Specialty Grand Challenge ARTICLE
Grand Challenges in Sustainable Intensification and Ecosystem Services
- 1School of Biology, University of Leeds, Leeds, United Kingdom
- 2Bioversity International, Maccarese, Italy
- 3School of Environmental Sciences, University of East Anglia, Norwich, United Kingdom
- 4Land Economy, Scotland’s Rural College (SRUC), Edinburgh, United Kingdom
- 5School of Agriculture, Policy and Development, University of Reading, Reading, United Kingdom
- 6Atmospheric, Oceanic and Planetary Physics, University of Oxford, Oxford, United Kingdom
- 7School of Geography and Planning, Cardiff University, Cardiff, United Kingdom
- 8Bristol Veterinary School, University of Bristol, Bristol, United Kingdom
- 9Sustainable Agriculture Sciences Department, Rothamsted Research, Okehampton, United Kingdom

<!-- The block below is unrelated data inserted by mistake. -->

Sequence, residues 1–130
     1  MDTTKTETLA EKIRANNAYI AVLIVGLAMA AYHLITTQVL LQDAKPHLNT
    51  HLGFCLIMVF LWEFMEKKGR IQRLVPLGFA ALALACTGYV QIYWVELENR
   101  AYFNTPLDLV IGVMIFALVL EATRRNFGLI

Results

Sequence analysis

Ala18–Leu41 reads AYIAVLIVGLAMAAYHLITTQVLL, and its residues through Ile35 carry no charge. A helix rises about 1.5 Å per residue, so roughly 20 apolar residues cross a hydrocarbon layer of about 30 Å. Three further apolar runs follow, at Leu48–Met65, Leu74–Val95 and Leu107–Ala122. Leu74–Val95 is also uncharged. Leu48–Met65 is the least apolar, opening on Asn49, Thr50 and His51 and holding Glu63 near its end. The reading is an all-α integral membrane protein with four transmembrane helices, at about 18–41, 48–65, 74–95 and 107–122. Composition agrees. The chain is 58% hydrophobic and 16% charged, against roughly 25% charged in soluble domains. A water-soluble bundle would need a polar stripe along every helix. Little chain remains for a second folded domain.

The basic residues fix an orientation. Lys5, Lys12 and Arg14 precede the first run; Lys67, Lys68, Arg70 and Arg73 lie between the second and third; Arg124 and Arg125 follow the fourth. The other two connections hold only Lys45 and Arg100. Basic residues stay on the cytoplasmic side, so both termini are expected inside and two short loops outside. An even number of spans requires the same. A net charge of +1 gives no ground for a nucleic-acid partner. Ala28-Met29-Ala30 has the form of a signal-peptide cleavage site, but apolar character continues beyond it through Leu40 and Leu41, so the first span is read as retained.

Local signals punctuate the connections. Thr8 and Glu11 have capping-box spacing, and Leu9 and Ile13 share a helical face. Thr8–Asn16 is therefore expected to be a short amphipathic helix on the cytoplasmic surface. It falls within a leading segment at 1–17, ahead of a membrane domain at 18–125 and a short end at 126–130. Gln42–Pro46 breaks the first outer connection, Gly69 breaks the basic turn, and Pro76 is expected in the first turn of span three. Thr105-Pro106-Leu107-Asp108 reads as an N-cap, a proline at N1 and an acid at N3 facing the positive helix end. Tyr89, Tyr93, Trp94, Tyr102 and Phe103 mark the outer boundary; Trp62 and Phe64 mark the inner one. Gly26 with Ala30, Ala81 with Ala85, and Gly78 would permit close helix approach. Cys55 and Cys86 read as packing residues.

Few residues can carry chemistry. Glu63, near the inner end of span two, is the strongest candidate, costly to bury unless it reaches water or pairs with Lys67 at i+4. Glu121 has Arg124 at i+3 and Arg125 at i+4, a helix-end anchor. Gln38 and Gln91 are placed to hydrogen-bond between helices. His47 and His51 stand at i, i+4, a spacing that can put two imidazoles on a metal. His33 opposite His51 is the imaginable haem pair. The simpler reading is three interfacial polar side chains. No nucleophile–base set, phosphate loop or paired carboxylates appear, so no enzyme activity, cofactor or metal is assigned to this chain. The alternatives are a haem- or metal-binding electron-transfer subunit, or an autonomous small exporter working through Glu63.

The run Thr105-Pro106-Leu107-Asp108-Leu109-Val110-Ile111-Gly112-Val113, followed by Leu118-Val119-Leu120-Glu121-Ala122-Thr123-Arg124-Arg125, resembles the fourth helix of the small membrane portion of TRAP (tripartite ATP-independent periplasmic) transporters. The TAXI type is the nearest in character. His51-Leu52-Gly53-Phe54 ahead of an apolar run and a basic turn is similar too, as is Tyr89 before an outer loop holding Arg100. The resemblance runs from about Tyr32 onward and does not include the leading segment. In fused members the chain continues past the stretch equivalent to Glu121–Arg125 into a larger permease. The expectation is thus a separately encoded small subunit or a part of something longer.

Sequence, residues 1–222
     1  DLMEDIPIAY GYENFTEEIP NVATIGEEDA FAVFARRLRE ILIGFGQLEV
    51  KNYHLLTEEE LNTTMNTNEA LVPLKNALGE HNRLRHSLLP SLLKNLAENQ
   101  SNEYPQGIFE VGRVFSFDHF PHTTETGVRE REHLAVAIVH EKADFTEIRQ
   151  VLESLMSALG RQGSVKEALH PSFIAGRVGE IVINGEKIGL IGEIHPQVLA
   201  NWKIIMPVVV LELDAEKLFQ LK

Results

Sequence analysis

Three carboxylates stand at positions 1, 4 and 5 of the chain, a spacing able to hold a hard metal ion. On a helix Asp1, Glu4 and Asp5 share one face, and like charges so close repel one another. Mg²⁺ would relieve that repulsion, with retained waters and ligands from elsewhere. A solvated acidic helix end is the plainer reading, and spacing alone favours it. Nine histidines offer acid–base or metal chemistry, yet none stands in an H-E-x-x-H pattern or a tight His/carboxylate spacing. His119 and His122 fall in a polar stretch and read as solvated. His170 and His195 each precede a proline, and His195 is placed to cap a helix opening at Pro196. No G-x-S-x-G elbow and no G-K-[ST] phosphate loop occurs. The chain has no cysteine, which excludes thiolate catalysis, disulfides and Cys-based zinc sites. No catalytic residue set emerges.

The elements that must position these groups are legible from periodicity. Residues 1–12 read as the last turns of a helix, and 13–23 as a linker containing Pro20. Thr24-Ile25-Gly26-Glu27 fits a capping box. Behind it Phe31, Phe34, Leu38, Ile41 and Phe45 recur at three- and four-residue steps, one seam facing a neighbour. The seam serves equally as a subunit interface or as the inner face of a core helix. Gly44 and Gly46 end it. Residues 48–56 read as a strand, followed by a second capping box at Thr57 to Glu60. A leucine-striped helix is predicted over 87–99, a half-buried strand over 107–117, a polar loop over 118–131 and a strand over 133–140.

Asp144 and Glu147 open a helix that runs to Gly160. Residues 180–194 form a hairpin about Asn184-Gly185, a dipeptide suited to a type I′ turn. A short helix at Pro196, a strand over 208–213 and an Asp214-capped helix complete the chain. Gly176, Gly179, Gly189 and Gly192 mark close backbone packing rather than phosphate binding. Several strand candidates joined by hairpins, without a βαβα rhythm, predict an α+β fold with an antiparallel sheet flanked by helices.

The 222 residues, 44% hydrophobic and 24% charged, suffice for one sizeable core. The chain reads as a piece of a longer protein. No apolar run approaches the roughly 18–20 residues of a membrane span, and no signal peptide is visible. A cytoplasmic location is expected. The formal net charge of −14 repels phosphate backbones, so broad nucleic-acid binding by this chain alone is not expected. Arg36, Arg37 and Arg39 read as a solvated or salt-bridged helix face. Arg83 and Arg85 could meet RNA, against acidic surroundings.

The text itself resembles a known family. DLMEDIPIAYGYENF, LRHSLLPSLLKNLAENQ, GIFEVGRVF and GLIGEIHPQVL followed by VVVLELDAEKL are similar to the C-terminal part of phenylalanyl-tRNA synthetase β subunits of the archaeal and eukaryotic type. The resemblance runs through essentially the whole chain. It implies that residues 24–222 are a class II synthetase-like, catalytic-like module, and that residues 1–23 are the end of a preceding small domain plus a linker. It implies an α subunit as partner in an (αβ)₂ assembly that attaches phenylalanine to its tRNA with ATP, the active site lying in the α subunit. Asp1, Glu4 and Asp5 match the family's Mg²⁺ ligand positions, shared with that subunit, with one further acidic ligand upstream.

Arguably the greatest grand challenge for humankind is to keep the biosphere within its safe and just operating space, providing sufficient resources to meet people’s needs without exceeding the Earth’s capacity to supply them (Raworth, 2012). “Safe” is defined in terms of keeping planetary environmental processes, through mechanisms such as climate regulation and improved nutrient cycles, within limits over the long term (Rockstrom et al., 2009). “Just” is increasingly being interpreted in terms of meeting the UN Sustainable Development Goals, with targets addressing various forms of equity as well as biophysical needs (Griggs et al., 2013). Keeping the biosphere within the operating space requires that we produce the food we need, along with the ecosystem and socioeconomic goods and services we require (Garnett et al., 2013). By definition, achieving this challenge also means achieving the sustainable intensification (SI) of agriculture, whereby more food is produced from the same area of land (or water), with reduced or reversed negative environmental impacts accompanied by a range of positive societal and environmental co-benefits. SI is variously considered as a goal (Royal Society, 2009), a process (Firbank et al., 2013), a trade-off between economic production activity and ecological performance (Gadanakis et al., 2015), or a suite of interventions (Godfray and Garnett, 2014).